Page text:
By Show and Tell
By Bree Davies
By Bree Davies
By Cory Casciato
By Emilie Johnson
By Robin Edwards
By Bree Davis
By Josiah M. Hesse
Andenken, the joint effort of Hyland Mather and Malia Tata, originally opened in the Raven's Nest studio complex but relocated last winter to the GOOG, Patrick Ryan's impressive design complex that includes, in addition to the gallery, a combination office/studio and a fabrication shop.
The show fills the Andenken space and spills over into the GOOG's offices, up to the second-floor conference area, which is accessed via an elegant, if vertigo-inducing, staircase made of unadorned welded steel. The show brings together a number of artists working in kinetic sculpture or with robot imagery. There's clearly one standout, though: Joe Riché.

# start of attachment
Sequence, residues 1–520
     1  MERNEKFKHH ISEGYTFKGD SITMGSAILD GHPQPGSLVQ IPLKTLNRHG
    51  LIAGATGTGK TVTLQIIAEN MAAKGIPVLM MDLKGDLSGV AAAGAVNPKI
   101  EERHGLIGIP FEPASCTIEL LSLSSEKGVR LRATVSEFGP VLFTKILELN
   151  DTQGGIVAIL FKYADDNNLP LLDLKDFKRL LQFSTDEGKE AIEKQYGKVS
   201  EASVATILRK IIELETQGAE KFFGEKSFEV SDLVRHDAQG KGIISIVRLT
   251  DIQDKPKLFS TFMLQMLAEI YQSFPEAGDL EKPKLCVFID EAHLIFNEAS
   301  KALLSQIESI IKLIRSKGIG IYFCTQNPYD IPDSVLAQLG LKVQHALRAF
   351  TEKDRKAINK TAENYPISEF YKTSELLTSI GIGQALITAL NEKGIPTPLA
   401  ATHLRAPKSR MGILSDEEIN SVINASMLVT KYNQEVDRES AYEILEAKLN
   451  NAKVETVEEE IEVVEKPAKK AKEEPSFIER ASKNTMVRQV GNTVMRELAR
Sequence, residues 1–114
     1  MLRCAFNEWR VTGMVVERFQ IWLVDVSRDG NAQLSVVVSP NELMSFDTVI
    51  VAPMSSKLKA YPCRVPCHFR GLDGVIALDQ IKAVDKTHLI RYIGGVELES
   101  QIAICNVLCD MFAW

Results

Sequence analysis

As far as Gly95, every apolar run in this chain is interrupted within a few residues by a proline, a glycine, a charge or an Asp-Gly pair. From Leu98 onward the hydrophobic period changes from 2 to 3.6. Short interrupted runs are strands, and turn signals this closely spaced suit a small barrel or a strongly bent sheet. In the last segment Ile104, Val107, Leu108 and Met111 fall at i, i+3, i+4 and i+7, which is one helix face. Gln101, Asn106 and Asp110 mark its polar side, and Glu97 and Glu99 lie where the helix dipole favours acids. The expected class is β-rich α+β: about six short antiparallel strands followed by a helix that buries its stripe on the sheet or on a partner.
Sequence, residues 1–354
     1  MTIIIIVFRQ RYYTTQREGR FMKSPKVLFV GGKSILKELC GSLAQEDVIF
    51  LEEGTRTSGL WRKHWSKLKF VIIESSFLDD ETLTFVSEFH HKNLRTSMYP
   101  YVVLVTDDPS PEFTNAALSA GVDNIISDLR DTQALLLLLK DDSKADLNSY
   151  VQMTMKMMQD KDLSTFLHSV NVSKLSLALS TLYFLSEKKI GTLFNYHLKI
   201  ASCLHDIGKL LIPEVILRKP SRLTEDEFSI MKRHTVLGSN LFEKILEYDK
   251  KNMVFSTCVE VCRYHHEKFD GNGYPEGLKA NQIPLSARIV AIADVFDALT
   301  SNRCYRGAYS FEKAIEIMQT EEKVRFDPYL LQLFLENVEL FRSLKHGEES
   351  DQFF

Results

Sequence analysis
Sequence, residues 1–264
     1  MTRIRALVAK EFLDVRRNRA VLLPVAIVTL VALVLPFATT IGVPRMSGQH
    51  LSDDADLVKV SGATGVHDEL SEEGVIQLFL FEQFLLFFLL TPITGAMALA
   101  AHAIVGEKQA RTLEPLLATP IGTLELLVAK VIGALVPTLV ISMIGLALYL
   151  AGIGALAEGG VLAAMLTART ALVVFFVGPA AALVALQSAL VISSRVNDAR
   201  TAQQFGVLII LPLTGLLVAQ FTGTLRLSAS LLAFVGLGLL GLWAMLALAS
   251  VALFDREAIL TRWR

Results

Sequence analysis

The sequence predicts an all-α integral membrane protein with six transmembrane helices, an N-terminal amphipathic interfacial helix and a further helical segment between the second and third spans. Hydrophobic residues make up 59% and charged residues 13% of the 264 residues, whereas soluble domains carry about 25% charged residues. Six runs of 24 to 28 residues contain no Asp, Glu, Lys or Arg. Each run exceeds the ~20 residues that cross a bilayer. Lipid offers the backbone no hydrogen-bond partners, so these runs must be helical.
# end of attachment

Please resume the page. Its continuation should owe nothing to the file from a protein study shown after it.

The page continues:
The up-and-coming artist is represented by a quartet of large sculptures, two of which are shining examples of artistic success. The first is "A Perfect Marriage of Human Ingenuity and Error" (above), in which a foot pedal activates a whirling bar that produces sparks as it spins. "It's done on the same principal as those Jacob's Ladders seen in the Frankenstein movies for which they were created," says Riché. The other great Riché is "Frequency 2001," placed on the floor in the middle of the gallery.
Among the other artists included are Tim Flynn, Craig Coleman and an exciting new sculptor who uses magnets as a key component, Joseph Shaeffer. The show closes this Saturday.